Evidently, there is actually some question among certain people as to whether or not the ousting of the president of Honduras by the Honduran military can be considered a coup. You see, they did it on behalf of the legislature, supposedly, so that makes it completely different.I can't decide. They're all such wonderful examples of the Con tendency to twist into mental pretzels trying to justify the unjustifiable. 2 and 4 win points for their spectacular misunderstanding of common political terms. 3's just being a glib dickhead, so although his phrase wins on the "Orwellian" side, it loses on the "tortured" and "insane" scales.
I don't know about you but if it walks like a junta and talks like a junta...
Anyway, in their quest to turn this into a blow for freedom and democracy, some people on the right have found some interesting new ways to describe it.Whose description is the most tortured, Orwellian, or otherwise insane?
- Candidate 1: Interim dictator Roberto Micheletti describes how he found himself in this new role: "I did not reach this position because of a coup. I am here because of an absolutely legal transition process."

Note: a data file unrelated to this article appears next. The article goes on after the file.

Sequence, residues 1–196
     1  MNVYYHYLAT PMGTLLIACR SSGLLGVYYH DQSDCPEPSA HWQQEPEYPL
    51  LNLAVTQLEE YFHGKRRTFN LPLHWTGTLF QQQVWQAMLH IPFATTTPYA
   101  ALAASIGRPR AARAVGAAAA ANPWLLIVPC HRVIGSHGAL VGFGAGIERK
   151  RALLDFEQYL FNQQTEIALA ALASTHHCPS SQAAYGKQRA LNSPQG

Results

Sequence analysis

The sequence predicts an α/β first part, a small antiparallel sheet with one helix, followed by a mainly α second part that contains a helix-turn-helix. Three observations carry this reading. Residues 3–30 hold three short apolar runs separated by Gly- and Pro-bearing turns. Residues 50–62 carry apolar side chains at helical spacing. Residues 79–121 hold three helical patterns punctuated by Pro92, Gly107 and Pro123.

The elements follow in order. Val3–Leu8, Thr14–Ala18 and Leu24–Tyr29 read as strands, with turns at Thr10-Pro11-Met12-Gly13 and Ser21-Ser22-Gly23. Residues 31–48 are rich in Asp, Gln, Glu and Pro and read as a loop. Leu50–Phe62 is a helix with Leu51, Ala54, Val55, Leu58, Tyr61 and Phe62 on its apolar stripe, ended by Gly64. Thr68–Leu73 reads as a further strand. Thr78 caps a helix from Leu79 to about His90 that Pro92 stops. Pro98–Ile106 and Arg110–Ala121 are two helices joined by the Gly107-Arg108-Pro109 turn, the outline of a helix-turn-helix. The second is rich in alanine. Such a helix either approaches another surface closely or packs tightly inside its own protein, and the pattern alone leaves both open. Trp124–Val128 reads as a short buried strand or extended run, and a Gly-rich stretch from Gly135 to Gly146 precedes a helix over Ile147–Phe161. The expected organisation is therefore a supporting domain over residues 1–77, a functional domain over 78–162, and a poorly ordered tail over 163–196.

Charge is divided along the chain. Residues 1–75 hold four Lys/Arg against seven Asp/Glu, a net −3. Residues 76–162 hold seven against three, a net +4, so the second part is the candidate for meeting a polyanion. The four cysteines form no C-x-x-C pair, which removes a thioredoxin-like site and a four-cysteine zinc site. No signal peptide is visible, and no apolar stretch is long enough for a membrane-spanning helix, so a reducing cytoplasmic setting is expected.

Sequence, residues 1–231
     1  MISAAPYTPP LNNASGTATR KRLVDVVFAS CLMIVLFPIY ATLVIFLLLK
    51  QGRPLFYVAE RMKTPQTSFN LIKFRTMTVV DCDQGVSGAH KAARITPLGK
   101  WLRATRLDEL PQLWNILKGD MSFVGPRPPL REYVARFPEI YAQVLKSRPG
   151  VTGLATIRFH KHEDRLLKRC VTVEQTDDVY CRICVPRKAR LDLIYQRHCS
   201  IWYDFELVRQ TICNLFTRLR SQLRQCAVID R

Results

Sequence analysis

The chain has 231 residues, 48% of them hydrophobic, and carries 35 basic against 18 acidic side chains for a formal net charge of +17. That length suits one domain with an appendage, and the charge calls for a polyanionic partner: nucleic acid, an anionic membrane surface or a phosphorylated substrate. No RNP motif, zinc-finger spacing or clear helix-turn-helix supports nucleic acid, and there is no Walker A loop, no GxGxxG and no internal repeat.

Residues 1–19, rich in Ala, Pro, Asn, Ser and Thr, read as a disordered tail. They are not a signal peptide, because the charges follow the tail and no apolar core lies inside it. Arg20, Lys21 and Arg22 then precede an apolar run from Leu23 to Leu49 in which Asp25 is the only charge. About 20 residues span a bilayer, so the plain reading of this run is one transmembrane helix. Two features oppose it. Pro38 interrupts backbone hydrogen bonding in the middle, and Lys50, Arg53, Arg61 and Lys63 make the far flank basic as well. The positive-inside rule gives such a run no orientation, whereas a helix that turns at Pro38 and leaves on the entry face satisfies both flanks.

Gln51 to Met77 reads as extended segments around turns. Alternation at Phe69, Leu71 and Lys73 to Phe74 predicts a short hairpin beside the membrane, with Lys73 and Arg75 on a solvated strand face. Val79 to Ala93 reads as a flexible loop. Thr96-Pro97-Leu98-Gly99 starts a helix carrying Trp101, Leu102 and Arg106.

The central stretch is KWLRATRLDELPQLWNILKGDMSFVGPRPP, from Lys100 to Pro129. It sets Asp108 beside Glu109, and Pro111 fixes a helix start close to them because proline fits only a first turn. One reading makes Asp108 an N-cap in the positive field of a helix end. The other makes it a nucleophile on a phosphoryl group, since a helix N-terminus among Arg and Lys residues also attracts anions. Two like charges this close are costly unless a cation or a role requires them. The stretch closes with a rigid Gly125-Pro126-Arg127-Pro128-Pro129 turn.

- Candidate 2: The WSJ's Mary Anastacia O'Grady describes the military overthrow as all part of a country's democratic system of "checks and balances."
- Candidate 3: Ed Morrissey at Hot Air invents an awesome new concept. This was "less of a coup and more of a military impeachment."
- Candidate 4: At the Corner, Ray Walser praised the way "Congress, the courts, and the military joined forces" in a "deliberate, bipartisan manner."
- Candidate 5: Rick Moran at the American Thinker doesn't care if it's a coup, only who it serves: "Does the fact that the coup is in the interests of the United States even matter to our president?"
Your turn starts...now!
Go here to vote for your favorite Orwellian Euphemism.
They're all so precious, aren't they?